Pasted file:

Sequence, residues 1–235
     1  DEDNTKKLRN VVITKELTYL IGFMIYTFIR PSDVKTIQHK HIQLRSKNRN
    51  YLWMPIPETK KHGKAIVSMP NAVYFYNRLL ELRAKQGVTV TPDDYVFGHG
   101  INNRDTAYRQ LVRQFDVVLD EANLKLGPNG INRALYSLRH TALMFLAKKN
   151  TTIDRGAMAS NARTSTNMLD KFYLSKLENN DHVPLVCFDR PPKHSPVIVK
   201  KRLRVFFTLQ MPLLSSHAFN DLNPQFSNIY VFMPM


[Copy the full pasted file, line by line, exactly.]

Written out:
Sequence, residues 1–235
     1  DEDNTKKLRN VVITKELTYL IGFMIYTFIR PSDVKTIQHK HIQLRSKNRN
    51  YLWMPIPETK KHGKAIVSMP NAVYFYNRLL ELRAKQGVTV TPDDYVFGHG
   101  INNRDTAYRQ LVRQFDVVLD EANLKLGPNG INRALYSLRH TALMFLAKKN
   151  TTIDRGAMAS NARTSTNMLD KFYLSKLENN DHVPLVCFDR PPKHSPVIVK
   201  KRLRVFFTLQ MPLLSSHAFN DLNPQFSNIY VFMPM